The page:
Skip to main content
Join Now
Two people having an HR related conversation

< Back to All

New Report Shows Workers Would Rather Go to Their Dentist Than to HR

June 27, 2024

A recent survey by job site MyPerfectResume found that of 1000 respondents 86% of workers fear their human resources representative. Further, 85% reported that they hesitated to go the HR to discuss their work-related issues.

There wasn’t much information about the sample taken, but this issue is a concern for the human resources department. Additionally, in many organizations, HR is often not viewed as being aligned with management.

Where does this apprehension come from? After all, isn’t HR designed to support and advocate for employees?

The report cites several areas where HR is falling short:
  • Doubt of confidentiality – 37%
  • Fear of repercussions – 31%
  • Perceived ineffectiveness of HR – 37%
  • Preference to solve the issue on their own or with their manager’s help – 31%
  • Uncertainty about HR’s response – 20%
The negative perceptions that workers hold about HR are:
  • A whopping 71% of workers responding felt HR is too involved in office politics.
  • 68% believed HR focuses on procedures rather than people.
  • 67% state it’s hard to get timely answers from HR.

The report asked why employees believed what they said about HR and respondents gave several reasons from their personal experience.

  • 90% of respondents felt their issue was not adequately addressed
  • 43% of respondents cited that more than once their issues were not adequately addressed.

So, what should HR be doing to respond to this dismal rating?

The report states within an organization, Human Resources needs to really look at how it responds to its employees individually. HR practices need to be evaluated and an honest look at how employees are responded to needs to occur. Human Resources needs to ensure they are respecting and maintaining employee confidentiality. They should practice good security around information, supporting employees that present themselves to HR with their problems while following through on those problems and issues that are brought to them.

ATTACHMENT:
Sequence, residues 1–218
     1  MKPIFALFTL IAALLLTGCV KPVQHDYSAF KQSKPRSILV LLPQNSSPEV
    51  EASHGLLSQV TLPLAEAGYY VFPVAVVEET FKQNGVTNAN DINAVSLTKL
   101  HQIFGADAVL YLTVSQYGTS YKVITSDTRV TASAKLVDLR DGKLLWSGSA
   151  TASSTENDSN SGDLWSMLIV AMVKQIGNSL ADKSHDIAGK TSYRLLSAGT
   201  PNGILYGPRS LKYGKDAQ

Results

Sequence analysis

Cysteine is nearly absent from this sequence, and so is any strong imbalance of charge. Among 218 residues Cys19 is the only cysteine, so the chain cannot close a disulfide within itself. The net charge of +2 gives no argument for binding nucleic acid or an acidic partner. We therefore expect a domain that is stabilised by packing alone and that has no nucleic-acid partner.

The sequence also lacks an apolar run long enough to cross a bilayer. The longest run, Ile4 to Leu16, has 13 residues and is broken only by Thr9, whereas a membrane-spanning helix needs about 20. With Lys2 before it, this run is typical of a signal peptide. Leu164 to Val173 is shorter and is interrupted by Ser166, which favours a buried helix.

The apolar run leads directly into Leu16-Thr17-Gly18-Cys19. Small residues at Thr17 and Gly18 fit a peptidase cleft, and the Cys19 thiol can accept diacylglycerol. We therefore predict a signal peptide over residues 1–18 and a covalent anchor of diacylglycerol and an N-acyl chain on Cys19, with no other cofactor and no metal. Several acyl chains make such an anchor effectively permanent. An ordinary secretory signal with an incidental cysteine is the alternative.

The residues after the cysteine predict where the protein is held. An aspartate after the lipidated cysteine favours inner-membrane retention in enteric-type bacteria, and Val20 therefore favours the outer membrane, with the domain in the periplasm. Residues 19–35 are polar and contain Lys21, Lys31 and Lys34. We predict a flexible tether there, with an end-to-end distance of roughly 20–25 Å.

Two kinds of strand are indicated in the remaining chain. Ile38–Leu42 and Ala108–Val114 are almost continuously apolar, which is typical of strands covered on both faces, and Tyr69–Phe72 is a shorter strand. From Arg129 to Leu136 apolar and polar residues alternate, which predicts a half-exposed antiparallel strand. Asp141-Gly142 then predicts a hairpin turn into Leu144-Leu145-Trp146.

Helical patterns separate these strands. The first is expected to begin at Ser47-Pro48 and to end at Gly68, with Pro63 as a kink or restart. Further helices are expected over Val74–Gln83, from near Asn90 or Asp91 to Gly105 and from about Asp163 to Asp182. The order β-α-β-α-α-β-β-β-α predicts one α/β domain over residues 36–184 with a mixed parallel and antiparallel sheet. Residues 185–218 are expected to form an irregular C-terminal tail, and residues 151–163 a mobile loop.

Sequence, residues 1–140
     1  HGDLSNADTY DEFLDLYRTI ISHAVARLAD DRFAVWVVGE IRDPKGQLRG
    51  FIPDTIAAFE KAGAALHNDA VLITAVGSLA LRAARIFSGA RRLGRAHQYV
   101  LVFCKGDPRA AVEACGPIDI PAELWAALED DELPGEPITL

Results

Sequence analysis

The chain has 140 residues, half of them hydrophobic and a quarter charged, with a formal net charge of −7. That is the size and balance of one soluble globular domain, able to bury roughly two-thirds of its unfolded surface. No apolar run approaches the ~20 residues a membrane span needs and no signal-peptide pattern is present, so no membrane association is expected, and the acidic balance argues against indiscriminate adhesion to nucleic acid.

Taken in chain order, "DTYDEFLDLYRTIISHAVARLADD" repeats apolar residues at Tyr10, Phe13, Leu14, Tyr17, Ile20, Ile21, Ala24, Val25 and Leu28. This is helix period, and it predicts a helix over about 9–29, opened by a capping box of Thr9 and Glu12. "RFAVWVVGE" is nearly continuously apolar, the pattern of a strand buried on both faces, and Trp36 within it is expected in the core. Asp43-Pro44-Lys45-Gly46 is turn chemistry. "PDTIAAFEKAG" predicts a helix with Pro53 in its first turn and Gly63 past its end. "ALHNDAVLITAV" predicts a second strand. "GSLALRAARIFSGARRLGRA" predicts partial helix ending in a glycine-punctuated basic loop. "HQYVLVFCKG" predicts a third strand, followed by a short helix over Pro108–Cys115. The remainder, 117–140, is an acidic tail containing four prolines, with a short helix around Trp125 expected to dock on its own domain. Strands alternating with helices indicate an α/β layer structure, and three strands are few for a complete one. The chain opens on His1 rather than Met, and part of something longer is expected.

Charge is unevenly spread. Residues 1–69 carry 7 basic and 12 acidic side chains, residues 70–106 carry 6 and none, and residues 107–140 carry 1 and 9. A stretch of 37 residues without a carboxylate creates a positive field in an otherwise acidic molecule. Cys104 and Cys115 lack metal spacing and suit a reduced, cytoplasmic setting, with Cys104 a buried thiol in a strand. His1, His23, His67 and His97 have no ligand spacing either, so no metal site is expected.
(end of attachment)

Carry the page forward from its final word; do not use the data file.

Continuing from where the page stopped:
But is this all on HR? An organization’s HR may simply not have the time to fully engage with workers when in many small and medium-sized companies the HR department is comprised of barely one qualified HR position per 100 employees. And the “department” is generally responsible for any number of HR areas such as policies and practices, at least some portion of benefits administration, compliance, compensation, attendance and leaves, and in some organizations safety and health. Add discrimination and harassment investigations to this and the time those responsibilities take, and HR may not have any real time left to fully engage with workers’ other concerns.

The report states that without HR’s self-correction, a Human Resource department adds to problematic organizational issues that includes low morale, reduced job satisfaction, increased turnover, poor company culture, and ultimately no alignment of workers with company policy and goals.

ASE Connect

ASE members have access to several online libraries that provide extensive information about HR best practices and for those HR people that need extra help – temporary or part-time, ASE provides experienced HR professionals to help its members through the busy times in its Staffing Services department.


By Michael Burns, courtesy of SBAM-approved partner, ASE. Source: myperfectresume. HR Perception Report (6/6/2024)

Click here for more News & Resources.

Share On: